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In The Body Remembers When the World Broke Open, Two Women Grapple With Trauma and the Past

December 15, 2019

In The Body Remembers When the World Broke Open, two Indigenous women cross paths on a city bus line in East Vancouver, British Columbia; a mundane, everyday scene—until it isn’t. The younger woman, Rosie, is fleeing abuse; the older, Áila, wants to help but isn’t certain how. Matters of race and class complicate this meeting: Áila struggles to help, and Rosie proves herself more capable than Áila might have imagined.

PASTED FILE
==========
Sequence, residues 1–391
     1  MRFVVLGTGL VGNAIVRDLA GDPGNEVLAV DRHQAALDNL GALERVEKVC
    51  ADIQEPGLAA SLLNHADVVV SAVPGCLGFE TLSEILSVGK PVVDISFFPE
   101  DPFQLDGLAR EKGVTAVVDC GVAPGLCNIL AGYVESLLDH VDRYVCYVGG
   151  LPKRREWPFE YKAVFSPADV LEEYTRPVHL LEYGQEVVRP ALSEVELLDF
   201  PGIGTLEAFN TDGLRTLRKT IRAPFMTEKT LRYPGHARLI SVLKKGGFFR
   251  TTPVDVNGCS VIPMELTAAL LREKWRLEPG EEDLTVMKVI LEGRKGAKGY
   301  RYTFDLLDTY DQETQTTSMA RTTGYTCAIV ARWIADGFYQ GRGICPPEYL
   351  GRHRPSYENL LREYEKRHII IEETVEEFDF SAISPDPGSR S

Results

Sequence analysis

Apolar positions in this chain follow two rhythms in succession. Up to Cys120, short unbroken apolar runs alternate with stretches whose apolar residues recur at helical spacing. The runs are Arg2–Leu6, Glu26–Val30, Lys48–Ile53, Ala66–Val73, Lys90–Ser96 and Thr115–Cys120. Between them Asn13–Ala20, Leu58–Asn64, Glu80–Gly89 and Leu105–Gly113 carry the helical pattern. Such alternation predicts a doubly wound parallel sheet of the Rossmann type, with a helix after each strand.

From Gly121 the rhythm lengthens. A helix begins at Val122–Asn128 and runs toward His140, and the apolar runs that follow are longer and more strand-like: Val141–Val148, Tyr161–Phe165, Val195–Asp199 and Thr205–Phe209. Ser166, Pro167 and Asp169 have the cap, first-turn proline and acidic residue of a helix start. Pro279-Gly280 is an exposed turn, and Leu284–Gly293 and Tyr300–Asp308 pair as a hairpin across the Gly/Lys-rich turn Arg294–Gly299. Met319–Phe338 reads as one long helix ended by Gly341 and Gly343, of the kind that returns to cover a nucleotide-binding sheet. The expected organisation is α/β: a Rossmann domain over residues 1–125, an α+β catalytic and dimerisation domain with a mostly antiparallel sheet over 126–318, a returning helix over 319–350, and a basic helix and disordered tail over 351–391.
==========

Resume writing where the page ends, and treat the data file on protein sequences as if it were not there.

As Áila hurries Rosie back to her nearby apartment, we pick up biographical details, in harrowing real time. Rosie, we learn, was born up the coast of British Columbia, in Port Hardy; she is a member of the Kwakwaka’wakw First Nation, living in a nearby housing project with her boyfriend and his mother. Áila, who is light-skinned, has a father who is Sámi and a mother who is Blackfoot, from the Blood Reserve, in Alberta.

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